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Last updated on April 17, 2014 at 15:32 EDT

Data Breaches Cost the Healthcare Industry an Estimated $6.5 Billion; Latest Ponemon Study Reveals Data Breaches Up 32 Percent Due to Sloppy Mistakes and Unsecured Mobile Devices

December 1, 2011


TRAVERSE CITY, Mich. and PORTLAND, Ore., Dec. 1, 2011 /PRNewswire/ — The second annual benchmark study by Ponemon Institute, sponsored by ID Experts®, finds that the frequency of data breaches in healthcare organizations surveyed has increased by 32 percent, with hospitals and healthcare providers averaging four data breaches. Employee negligence is the primary culprit. According to 41 percent of healthcare organizations surveyed, data breaches involving protected health information (PHI) are caused by sloppy employee mistakes. To compound the problem, half of respondents do nothing to protect mobile devices that are in use in 80 percent of healthcare organizations. Based on the experience of the healthcare organizations surveyed, data breaches could be costing the U.S. healthcare industry an estimated $4.2 billion to $8.1 billion annually–an average of $6.5 billion–enough to hire more than 81,000 registered nurses nationwide or fund 216 million flu vaccinations. For a free copy of the 2011 Benchmark Study on Patient Privacy and Data Security, visit http://www2.idexpertscorp.com/ponemon-study-2011/

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Key Findings of the Research

Data breaches at hospitals and healthcare providers are rising, due to employee mistakes.

Data breaches represent a 32 percent increase, with compromised patient records in benchmarked organizations increasing an average of 46 percent. According to the research, 55 percent of healthcare organizations say they have little or no confidence they are able to detect all privacy incidents. In fact, 61 percent of organizations are not confident they know where their patient data is physically located. Third-party mistakes, including business associates (BAs), account for 46 percent of data breaches reported in the study. According to 49 percent of respondents, lost or stolen computing or data devices are the reason for healthcare data breach incidents.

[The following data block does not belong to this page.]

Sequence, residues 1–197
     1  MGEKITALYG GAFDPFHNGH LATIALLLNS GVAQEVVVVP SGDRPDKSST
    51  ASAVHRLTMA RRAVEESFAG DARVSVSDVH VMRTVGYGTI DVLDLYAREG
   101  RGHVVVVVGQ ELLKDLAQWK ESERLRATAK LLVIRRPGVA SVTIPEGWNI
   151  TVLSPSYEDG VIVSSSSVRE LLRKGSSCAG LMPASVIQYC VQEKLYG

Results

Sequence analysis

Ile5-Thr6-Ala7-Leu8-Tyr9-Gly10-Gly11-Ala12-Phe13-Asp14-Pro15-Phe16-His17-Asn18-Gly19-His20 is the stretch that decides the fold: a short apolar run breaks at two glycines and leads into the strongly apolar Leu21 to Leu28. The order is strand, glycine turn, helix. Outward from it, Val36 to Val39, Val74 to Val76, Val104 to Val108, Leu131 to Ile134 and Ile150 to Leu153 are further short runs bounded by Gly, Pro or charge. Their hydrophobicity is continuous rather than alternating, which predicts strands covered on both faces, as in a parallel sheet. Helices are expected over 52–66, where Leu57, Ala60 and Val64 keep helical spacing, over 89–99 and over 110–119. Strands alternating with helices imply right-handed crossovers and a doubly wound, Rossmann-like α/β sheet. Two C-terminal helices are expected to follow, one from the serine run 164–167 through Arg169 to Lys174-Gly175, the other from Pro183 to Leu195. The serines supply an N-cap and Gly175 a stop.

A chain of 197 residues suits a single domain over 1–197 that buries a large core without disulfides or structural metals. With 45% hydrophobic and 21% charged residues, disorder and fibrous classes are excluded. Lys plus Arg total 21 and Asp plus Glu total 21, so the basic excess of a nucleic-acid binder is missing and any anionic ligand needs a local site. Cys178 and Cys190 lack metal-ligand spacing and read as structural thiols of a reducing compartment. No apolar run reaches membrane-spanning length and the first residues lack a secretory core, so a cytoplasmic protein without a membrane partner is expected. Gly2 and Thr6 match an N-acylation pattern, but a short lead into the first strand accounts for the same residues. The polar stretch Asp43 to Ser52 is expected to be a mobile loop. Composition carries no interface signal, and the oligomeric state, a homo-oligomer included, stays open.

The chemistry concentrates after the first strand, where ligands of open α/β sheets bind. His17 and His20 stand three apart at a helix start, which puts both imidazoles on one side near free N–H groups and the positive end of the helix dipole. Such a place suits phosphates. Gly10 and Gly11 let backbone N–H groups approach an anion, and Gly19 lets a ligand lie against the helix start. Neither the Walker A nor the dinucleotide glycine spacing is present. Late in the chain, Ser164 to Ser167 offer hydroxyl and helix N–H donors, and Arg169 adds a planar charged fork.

Widespread use of unsecured mobile devices is at the core of hospital data breaches.

More than 80 percent of healthcare organizations use mobile devices that collect, store and/or transmit some form of PHI. Yet, half of all respondents do nothing to protect these devices.

Federal regulations and policies are not reducing data breaches.

Only 22 percent of organizations say their budgets are sufficient to minimize data breaches. 83 percent of hospitals have clearly written policies and procedures to notify authorities of a data breach, but 57 percent don’t believe their policies are effective. The research indicates that the closer the personnel are to the data–such as billing and IT– the higher the probability of not following policies and procedures. 42 percent of respondents say administrative personnel in their organizations do not understand the importance of protecting patient data.

More healthcare providers say data breaches are leading to medical identity theft.

29 percent of respondents say their data breaches led to cases of medical identity theft. This represents a 26 percent increase compared to 2010. 90 percent of organizations say data breaches cause harm to patients, yet only 25 percent offer basic monitoring services following a breach. 35 percent of healthcare breaches are discovered by a patient complaint.

Data breaches are likely to increase, given lack of resources.

73 percent of respondents reported lacking sufficient resources to prevent or detect unauthorized patient data access, loss or theft. 53 percent of organizations cite lack of budget as their biggest weakness in preventing data breaches. The increased use of outside resources and business associates–associated with the downsizing of hospital staff–is having a direct impact on privacy and security. 69 percent of organizations say that they have little or no confidence in business associates ability to secure patient data.